Tuesday, December 2G, 1941. TIIE DAILY CLINTONIAN age Fottf' THE DAILY CLINTON1AN "SHOW DOWN" AhinI IhA from IIIIIU UIW aafVVII 1M1 J At th MovU$ in mm IpHOLLYUIOO ImHllti il aa Tha Weekly OHatoota ISM The OUaton PLalndealar abaci-bed In IBM Published Dalir Except Saturday and Sunday faorge L. Carey Editor and Pnbllshi- atarea' at the Poatofflca at Clinton, Indiana aa Buoond OUu Matte Canteen Chuck O'Brien, disabled Marine, who los' an arm and a leg while winning the Congressional ty HARRISON CARROLL Kins t'e.lurM BfBdicM Writer HOLLYWOOD In his latest let Tumday and Wnlnmday Observant sporta (ana may recognize two prominent athletes of their duy in Paramount' "The Navy Way," arriving tonight at the Clouinbla Theatre. One, a well-known professional fighter, is Art hanky; the other is Ilenny Friedman, perhaps the greatest exponent of the forward pass in the football playl ig days at Michigan University. In the ceremony, Robert Low-ery, Jean I'urkur, Dill Henry, Roscoe Karns and other players in the cast, appear with personnel from the Qreat Lakes Naval uedai of Honor in the Pacific. . . . ladlaaa RepnbUran Edltr. tat Aaodacu ter to Maria Montez, Jean Pierre Aumont tells Diana to make char- At Hollywood park, Jay Paley urged Mervyn LeRoy to bet oa his horse, Lucia's Sua. "We'll clean up on him." aald Paley. "Now don't Phone 33 itv anoearancea during a three- PhoD33 week convales cent leave in tell a soul." When the race was run, -" Paris. So his Paley's horse came in last. Next 4 if mimsanaimm second wound in the battle of KWVBUCAH toiwtm. morning Leitoy cauea up ana siu "Is It ail right now to tell any. body?" AccwiATim France cannot have been aeri- With only a half day oft' from Training Base. - 5 $ Plenty of Hol--; lywood stars "The Spanish Main" to ao ner Christmas shopping, Maureen O'Hara descended on a Wilshlre j $ I could take a les Rebecca hi 'Ivsnhoe It is an sccepted fact that Sir Walter Scott modeled Rebecca in "Ivanhoe" after Rebecca Gratz, of I I t I son in manners 1 - I from Cantinfias, 1 I A. A the Mexican boulevard stors, flanked by a secretary and a standin. The fans eoon discovered them and the place wac in an uproar. That night the manager called Maureen and told her, if she'd please stay home, he'd send nom.on w.... u the Wreat a full selection of gifts to ber name of all below the border. When Van Johnson and M-G-M Police I 1 "l AK 'fW'LTi! house. Chief Whitey Hendry flew Into Bob Taylor didn't get a Christ Philadelphia, a Jewess who was noted for her beauty and intellect. An active and able worker in the cause of needy women and orphans, he founded the Philadelphia Hebrew Sunday school and directed il ' r 32 years. Scott never met MiK ( rati. She was the companion ol Washington Irving's fiancee. Matild Hoffman, who died before their weeding day, snd Irving described hei to him after Scott outlined the plar for "Ivanhoe." mm m mas leave, but he naa Been promoted to lieutenant, aenior grade. The former star is at Greenview, 111., making movie shorts for the government. . M aV 11 W al I aw - ' i Mexico City, Cantinfias was at the plane to meet Louise Burnett, his leading woman. Introductions were made til around, but Cantiflas did not realize who Van Johnson was non3 of Van's pictures having played down there) until somebody told him as he was driving home. The comedian (and don't forget he is the biggest star in Mexico) rushed to the hotel to Apologize to Newcomer Van Johnson for not havinr; recognized him. JF I m . W V J nV'T" ETv a 1 riV i Ira MM J-bi nV.i.. j . 1. J, '-aST' :T : a ,1 i-aitv' BL J Remember Willard Parker, who was with Gertrude Lawrence on the stage in "Lady in the Dark" and who played the handsome au thor with Rosalind Russell in "What a Woman?" He's out of the Army, back at Columbia, and he and his wife of five years, the former Marion Pierce, are getting in ?3 mtfa Worshipped Mouse The ancient Egyptians worshipped the mouse because tliey be lieved the mouse to be under the protection of the sun and a sun antidote against sudden death. 54 touch with the Cradle at Evanston to try and adopt twin babies. -, One of the most welcome wedding presents to Veronica Lake and Andre De Toth was a 760-pound steer, delivered very much alive by their friends in Bishop. Unless there's some legal reason they cannot, the honeymoonera will slaughter the steer and store the beef. Paramount's present to Veronica wasn't bad, either a 15,000 :heck. HOLLYWOOD HI JINKS: Char acter Actor Dan Duryea, who never rode a horse until "Along Came Jones," now is refusing doubles for i even the more difficult scenes. . mas holidays with his parents here. Miss Loi; Wright, who Is employed south of Linton and Marlon Wright of Chicago are spending Christmas with their parents, Mr. and Mil. Warren Wright oi Universal. 1 Kenneth Stapp, son of the Rev. and Mrs. S. P. Stapp, is confined to his home with illness. Miss Wanda Nawrocki of Chicago is spending Beveral days with Robert Anderson, the R-K-O actor, and Ann Lundeen, of M-O-M, are "GHOST FLEET" CAME TO LIFE. The "greatest, quickest and most devastating naval gunfire in the history of warfare," is how Chester W. Nimitz de-"cribes the battle of Surigao Strait on Oc-i --r25th. ghost fleet" composed of five bat-IV--''ipB which were badly damaged at " "u 'ry Harbor and one other dreadnaught r-v-vjit eight Japanese warships as they r ' tempted to sneak up on our Leyte land-i beaches and destroyed them in less than fifteen minutes. While the development of aerial tactics in connection with naval warfare has made it more difficult for battleships to come to grips, there is no doubt of the effectiveness of the big guns when they get a chance to speak. The Surigao battle was conclusive, with every enemy ship destroyed, only because of the effectiveness of naval gunfire. In the other two sea battles, which took place the 3ame time, in connection with the Japanese attempt to destroy our Leyte forces, much of the enemy fleet escaped. The use of aircraft has widely extended the range of naval power but, when fleets are anywhere near equal aircraft strength, the result of the engagement is Usually indecisive. This is not the case When dreadnaughts get together. Usually one fleet or the other goes down for the count. PRISON TERMS NECESSARY. Recently, six individuals and two corporations in another state entered a plea of guilty to the charge of violating OPA regulations covering sales of radios and expecting a baby any edition. . . . Mimi Forsythe and Ben Bogeaus dining at a late spot. . . Joan Blondell and a hotel executive at the Monambo while, only a few baskets larger than usual. With reasonably complete co Voths away, were D'ck Powell and Taking a Backward Glance TWKNTV VKAIW The Navy has upped Former Star Henry Fonda to full lieutenant ind, when last heard from, he was on sea duty. . . . Gloria De Haven and John Payne, who finally made up their minds to be enlaced, met on a blind dale arranged by Si'.-: Carol. Gloria'i; rccri.'cd he-ring yet. "X3ut I'm sure it will oc a nice one," sha tells mo. . . . Lynn Bar! and Sid Luft have bought the former Westwood home of Jerry Cady, writer on the Rick-enbacker picture, "Captain Eddie." They sold their old home within an iiour after the ad appeared In the iaper. . . . The Dennis Morgans vry proud of their week-etui fruer.t vhom thev mrt at AiO TODAY Hub teu Weather Makes i lu ifttuiatl Tir-e A Hyson. . . . Ella Logan au-I'or of a musical, "We Met in r'.an.o-," which she staged overseas for tie boys. , , . Mozelle Dhiehart has arranged for Australian and New Zealand productions of the comedy, "Separate Rooms. . . . Betty Hansel and Al Herri a Lyman's twosome. . , . Stuarl Hamblen, Republic's singing cow-hoy. and Madman Munta. the auto dccler. have invented, of all thinsrs, ' r Rnddte. ! her parents, Mr. and Mrs. Nawrocki of Sycamore Street. I Mrs. E. R. Stackpole of Elm Street has returned home after spending a month visiting her mother, Mrs. James K. Simons of Phillppl, W. Va., and Mrs. Martha Cain of Clarksburg, W. Va. I Dr. Alfred Faraco of Chicago, is spending the Christmas holidays with his parents, Mr. and Mrs. William Nawrocki of Sycamore Street. t'oldewt Wince '78 With thermoinetera registering five degrees below during the night before Christmas and Willi the markers showing one below at 8 a. in., it was a cold C'lirislnias day. The weather bureau reports operation it is believed a fairly complete Job was done, with no great amount of duplicate.. I'eiisoiinls Miss Lela Dorothy Riddle visited Saturday with Mr. and Mrs. Paul Juday, of near Paris, 111. Mrs. Judy is a slsler of Miss Riddle. Misses Mae Hlnes and Nina Murray of Detroit, Mich., are spending tiie holiday with relatives In Clinton. Mr. and Mrs. Harold Shaeffer of Indianapolis arc visiting during the holidays with Mrs. Schaef-fer's mother, Mrs. Albert Krekler of Hazel Hluff. Mrs. Behaefl'er was formerly Miss Mary Somer-vllle. Mr. Schaeffer is practicing law in Indianapolis. Floyd Jewel and family came from West Frankfort, 111., to spend Christmas was Mr. Jewell's parents, Charles Jewell, and family. Floyd Jewel is now business manager for tiie West Frankfort Daily American, a successful daily newspaper published in that city of about 18,000 people. tiie sun shining and with no strong winds blowing, the day before Christmas, the big day itself and today are accepted as about ideal "old Cushioned Christinas weather." KxihaiiKe t'luli and Olliero IMll out Over SiOO IfaskelM About 14 automobiles were used by the Exchange club in distributing 100 baskets of toys, trees, food, clothing and other things needed to add cheer to house holds In Clinton, Lyl'ord, Hhephurdsville and to some other neaVby points, Christmas evu. -It Is enlimated that fully 100 other baskets were put out by the different church and lodge groups, t 111' Volunteers of America and oilier organizations. He-sides, many Individual gifts supplemented these. Tiie unusual a-iiiount of Idleness In the mines, that was especially bad until very recently, and which is more or less prevalent yet, made the number of people, glad to accept I lie MIGNONG. EBERIIART I WOLF IN MAN'S CL0IDIG 1 1645 Of AUTHOR - DISTRIBUTES BY klN8 FEATURES i it the coldest Christmas in Indiana since 1878. Some street markers varied above or below the figures mentioned, but there are believed to be fairly accurate. At 11' p. mi.,- last night, . the same marker read by The Cllntun-ian at 9 o'clock, Christmas eve, showed the same temperature, one below. Hut. whereas II went SYNDICATE, INC " radio-phonograph combinations. The court j lower during Wednesday nigh!, there was apparently a little easing up, lust night. The marker which touched at 1 below yesterday morning showed D above this morning. With the ground snow covered, CROSSWORD - - - By Eugene Sbcffer imposed fines aggregating ibdl.fdU. It is safe to assume that the defendants, after paying the fines, retained a handsome profit from their illegal transactions. Obviously, it is impossible to discover every violation of law. Unprincipled 'citizens do not hesitate to violate regulations for profit, counting upon the fine, if it arrives, to be less than their gains. Obviously, OPA regulations will be violated with impunity by racketeers and dishonest merchants until adequate provision is made for stiff prison terms. In fact, one of the difficulties in enforcing regulations designed to protect the public and curb dishonest business practices is the inability of the court, in most instances, to send the guilty to jail. TUN YUAIM AGO TODAY hu. ird Heart, '.iuirl 'I'o 'omluct liiistinas Mils Tonmmiw Mi'niiir Impressive rites will mark the annual Christmas mass tomorrow morning at the Sacred Heart Church at 5 o'clock. Ministers of the mass will be the Re. Charles McSween of Taylorvilk), 111., the llev. Sylvester and the Rev. Ceorge Ziemer. The service will open with "Silent Night," accompanied by the organ and bells, followed by ue:-processlon of vested choir, servers and ministers. Dedlciatlon of the new tabernacle on the newly renovated altar in the redeocrated sanctuary will "then be held. Hymns will be "Silent Night," "Hodle riirlstus Natus Est," "Je-su Bambino," and Rosevig's "Mass in F." Millard Marshall will pluy the bells. John Kowlnskl and Eileen Fitz-palrli'k will play violin solos and during the children's mass violin Washington, War Secretary Henry L. I Stimson: "It seems clear that the Germans are making an all-out effort to halt the j ''American advance into the Cologne plain i and the Saar Basin. They appear to have a- 3 1 w J a TT" dl ZIP wA MTa w w m volver, Miss Cable, You bad a revolver. Why?" She turned to face him. '1 found that revolver in the garden," she said steadily, "yesterday after noon." "G garden," stressed the District Attorney. "Where where Craig was shot. It was hidden and I found it. In the burlap wrapping around one of the rose shrubs." J Nugent's eyes had an odd expression. "Why did you look for it, Mss Cable? Why did you bring it to your room?" She turned back to him; there was less defiance in her manner when she spoke to the state troop lieutenant, more confidence which might be her undoing. Soper was ready to pounce upon any unguarded admission. Drue answered, "Because I didn't believe the story of an accident. I went to the garden just to have a look at the place where my" aha corrected herself quickly "where Craig had been shot. I searched it and I found the gun. That's all. I brought it to my room because I intended to show it to Craig when he was better." . "Why?" queried Nugent. "Because it proved someone shot at him." "He says it was accident," said Nugent, watching her closely. "ie ought to know." - "I wanted him to have that revolver." - "You're saying that his accident was actually an attempted warder?" cried District Attorney Soper. Again she whirled around to face him, her chin high, her voica steady. "He wouldn't have been cleaning a gun in the garden at eleven o'clock at night!" "Did you know that the revolver belonged to Conrad Brent?" "I wasn't sure." "Did he admit It belonged tp him when you took jt to the library ?" "Yes. He recognised it and asked where I'd found it." . "See here, Miss Cable," said Soper with a crafty look "did yoa accuse him of trying to kill his sob ?" "No. Certainly not." "Why did you give him tha revolver ?" "Because I wanted him to know at it, of course." "Why?" persisted Soper. "Naturally because something ought to be done about it It proved Craig didn't shoot himself. Ha wouldn't have hidden it." "Exactly what did Mr. Brent, Senior, say?" Drue flushed. "He said I eouldnt have found the revolver there. Ha said I tvfci was trying to make trouble." "And yon . . ." "I saw then that he was 01. I told him he'd better lie down. I started to leave but he he asked me to stay with him. And than aa got worse. And and died." 4To be continued) Caerrta-bt tr Miim Q. Kbmtmtf "1 can't swear to anything and I won't. I've only said that Drue ame downstairs while Conrad was in the library." Soper was furious. "You said they had a row. You said you saw her in the library with him just before he died. You said she threatened him with his own revolver 1" "I won't swear to anything," persisted Nicky, ignoring Alexia's frown and Maud's angry eyes. "You don't have to," shouted Soper. "Every word you've said has been taken down in shorthand. Perfectly openly; you were all aware of it." One of the troopers in the corner, scribbled that, too, in his shorthand tablet. But Nicky shook his head. "You'll never get me to sign it or to admit anything of the kind on the witness stand. I won't be the one to bring evidence like that against anybody in court." Alexia was biting her full under-lip with sharp white teeth, her eyes ominously fixed on Nicky. Maud made an angry little exclamation and must have vanished about then, silently, for when next 1 looked for her she waB gone. Soper announced angrily that Nicky would be a witness; he couldn't help himself; he, Soper, would see to that. Lieutenant Nugent said suddenly, "We'll question Miss Cable alone. Right, Soper?" So the others Alexia, Nicky, Peter and Beevens were obliged to leave, and did so rather reluctantly, I thought. Nugent closed the door after them briskly, and Soper looked at me. "Well?" he said sharply, "are you staying here?" "I am," I declared firmly. "Oh, let her stay," suggested Nugent. The District Attorney shrugged and Drue, standing very slim and erect beside the tall armchair, her gray eyes level and clear, said, "I didn't murder him." "You were with him," accused Soper. "You had a motive. . . ." He began his attack, but Nugent's voice cut sharply into the bluster: "Miss Cable, will you make a statement of exactly what you did do ?" "I think she ought to have a lawyer," 1 asserted again. "You can refuse to talk, Drue." "I'll tell," she said. "I'll tell a? much as I can." I held my breath again and tried to think of ways to stop her if she said too much. "I was in the library as Nicky says," Drue began. "I did want to talk to Mr. Brent. So I waited until he returned from his walk, then I came to the library. We talked for some time. He had a heart attack then and . . ." She faltered, and I was sure she was going to tell about the hypodermic. I rustled warningly. Her hand went up to her throat, as if to stop the words on her lips. "And he died," she said. "If such a large amount of digitalis was found, I don't know bow be got it." District Attorney Soper burst into question again. But this re- CHAPTER TWENTY I vVtf "That's enough, Mrs. ," boomed Nugent. But Super'? v,, rose over Nugent's. "She" JK-r fectly right," he said. "I've t- ,-jr:u su from the very first. She's perfectly right, Nugenti there's no other real explanation. I've been patient, I've covered every possible line of inquiry. But that's enough . . ." He got up and looked at Drue, his little eyes bright and accusing. "She did it. She intended to kill him with the revolver. Then he had a heart attack and this way was easier for her. She hid his medicine; pretended to him it was gone; told him she'd save him. And then she killed him. Arrest Drue Cable now, Lieutenant. We'll get a grand jury indictment for murder in the first degree." Nicky looked at his fingernails. "Well," he said softly into the sudden silence, "I may as well tell you, then. Drue was with Conrad in the library. I saw her. And I heard her say, 'I've got your revolver.' They had a terrific row." Drue rose automatically, but she didn't speak. I was close beside her. Alexia said something low to Nicky. Maud looked triumphant; Peter started for the door as if to tell Craig and then as quickly came back into the room again. District Attorney Soper said loudly that he was right, he'd known it from the first, but Nicky ought to have told it earlier. I believe I said loudly, too, a number of times that Drue wouldn't talk without a lawyer. I couldn't think of anything else to say. Then Nu-gent's voice cracked like a whip, so viciously that it brought us all up short. "Do you mean she had the revolver with her? In her hand?" he asked Nicky. "Ob, no," answered Nicky. "I would have seen it." "Then she wasn't actually threatening him with it?" "I can't say about that," said Kicky airily. "And what did you do then?" "After I saw her go into the library?" Nicky's tone was very nonchalant "I thought from the sound of Conrad's voice that she well, might need somebody to back her up. But she seemed able to take care of herself, so I went upstairs. I'd just got to sleep when something fell I don't know what and they said Conrad was dead." "What else did you bear?" demanded Soper quickly. "What did Brent say when she told him she bad his revolver? Did he call for help? You must have heard what else they said!" Nicky paused, looked at his fingernails, thought for a moment and said, "N-no, no, I'm afraid not.' "But if you heard their voices..." began Soper, and Nugent said ab-rupdy,"Vou'U swear to all this, Mr. Senoua?" And Nicky said he wouldn't k was an inexplicable and sudden volt fat to winch be clung. , music will be played by Marie I Marietta and Dorothy Jean Tou-hy. Pinal Plans For ' Parke Kehool Itevlew Final plans for the all-county review of the Parke County Schools to be held Sunday afternoon. April 7, at the Rltz Theater were made by the program committee at a meeting held this week. It was decided that an all-county band would represent the instrumental work this year instead 62. serf 63. primary color 64. swards VERTICAL 1. Roman domestic bowl 2. places of combat 3. observe 4. Scotch caps 5. perceive by the senses 47. the turmeric 48. international language 49. cypnnoid fish. 50. goddess of the dawn 52. exist 53. annexes 55. gain 57. Gaelic 69. river-duck 60. native metal 61. row f having both an all-county band and orchestra on the program as , In previous years. The program will begin at 1 o'clock and will accepted the hazards in an effort which, if it fails, will definitely shorten the war." Washington, Rep. John M. Costello - (D-Cal.), on return from tour of fighting fronts: "We can't help but realize that there are many tough fighting days ahead and the present (Nazi I offensive indicates the fact that Germany is far from licked." Washington, Rep. Thomas A. Jenkins of Ohio advocates a food czar: "A single individual, free from the administration's whims, could coordinate and regulate all ramifications of the food industry, eliminating many shortages and providing bet-; ter distribution." Leyte, Gen. Douglas MacArthur in announcing the end of the campaign on Leyte: "Gen (Tomoyuk) Yamashita has sustained perhaps the greatest defeat in the military annals of the Jap Army." Washington Sen. Kenneth McKellar of Tennessee: "We must never again let the Japs break out in the Pacific. We don't want any territory in Europe, but we must protect ourselves in the Orient." Washington, War Production Chairman J. A. Krug: "We must prepare to fight the kind of war we have been fighting in the last two months for the next year, or as long as it takes." Answer to yesterday' puzzle. iBI RIP U RPlL A PrS3 T A 6 S'l) A'om 7. e'it oper alic sine 8. meadow 9. beard 10. determine 11. negot.ates 20. hypothetical force 22. river in Bohemia 25. titled men 27. Middle Western state (abbr.) 28. Fall flower 30. three-toed slotlis 33. target 35. musical pipe 36. welcomed 37. sea brigand 38. positive poles 39. bone (anat.) 41. rented 42. trainers 45. Spanish gentleman 46. negative 49. Island (poet) 51. series 54. diminutive for Daniel 56. before &. city in Brazil HORIZONTAL 1. gone 5. dry, as wine 8. endure 12. space 13. geological ago 14. large-mouthed Jug 15 abound 16. nothing 17. poker stake 18. within 19. distress call 21. strength 23. symbol for tantalum 24. short sleep 26. ladies oi title 28. high, in music 29. on the ocean 31. toward 32. allays 34. Independent Ireland 36. gravel 37. analyze 39. correlative of either 40. dissolve 43. those in power 44. Prussian city lust about three hours. Each high school will be represented. Donald Wilson of Bloomingdale is chairman of the program committee which Includes all the music teachers of the county. Pei-MHials Miss Jane Van Horn of Sullivan Is to come here with her mother, Mrs. Sarah Van Horn, and family of South Fifth Street. Earl and Roy Hobson of Chicago are spending their Christmas vacation visiting friends and relatives here and in Marshall. Miss Loretta Cogan of Fairfield. O. has arrived to visit her mother, Mrs. Catherine Cogan, and family, over the holidays. Lynu Dallagiacomo of St. Charles, Mich, is spending the Christ-j i" LEG AN C rrpOPOR DE R L V E dRjOlV JJN1G dIeIT R A JL NHklElSjETT SIR e k A fjno r3K3 ClHjA P E L jlRlA I E jU L TW eng. k 5MGA IJ! I NlfJ Aj.aClojNfiSMkM p eTe LtirfOittSA l Vk 1Z-I9 Avrrase time et selotloa: 2S minetes. Put. by King Features SUdtcste, Inc. urn iwum aiwuabv a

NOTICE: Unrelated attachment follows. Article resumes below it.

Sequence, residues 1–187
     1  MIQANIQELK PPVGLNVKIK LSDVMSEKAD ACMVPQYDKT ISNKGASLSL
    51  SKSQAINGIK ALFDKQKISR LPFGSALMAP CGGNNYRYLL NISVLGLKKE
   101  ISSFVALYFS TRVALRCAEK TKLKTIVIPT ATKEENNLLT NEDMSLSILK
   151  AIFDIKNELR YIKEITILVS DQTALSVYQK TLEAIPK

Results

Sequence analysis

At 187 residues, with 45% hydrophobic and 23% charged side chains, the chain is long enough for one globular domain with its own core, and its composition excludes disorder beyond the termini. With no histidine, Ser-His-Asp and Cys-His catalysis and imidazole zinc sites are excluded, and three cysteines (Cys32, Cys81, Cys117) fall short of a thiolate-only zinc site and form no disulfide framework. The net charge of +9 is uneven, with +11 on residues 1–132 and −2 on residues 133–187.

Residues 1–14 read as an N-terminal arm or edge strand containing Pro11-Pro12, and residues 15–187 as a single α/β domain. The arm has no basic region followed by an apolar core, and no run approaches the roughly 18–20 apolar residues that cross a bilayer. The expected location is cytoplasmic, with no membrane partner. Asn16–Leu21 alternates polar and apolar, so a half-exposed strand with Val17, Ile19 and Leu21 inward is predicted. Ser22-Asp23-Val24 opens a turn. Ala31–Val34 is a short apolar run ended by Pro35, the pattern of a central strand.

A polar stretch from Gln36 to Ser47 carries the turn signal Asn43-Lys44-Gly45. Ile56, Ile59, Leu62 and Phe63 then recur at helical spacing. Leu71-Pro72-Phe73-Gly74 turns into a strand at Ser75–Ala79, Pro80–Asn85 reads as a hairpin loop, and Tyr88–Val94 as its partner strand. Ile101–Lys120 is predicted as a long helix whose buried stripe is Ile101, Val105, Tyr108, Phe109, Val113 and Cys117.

Get full access with a Free Trial

Start Free Trial

What members have found on this page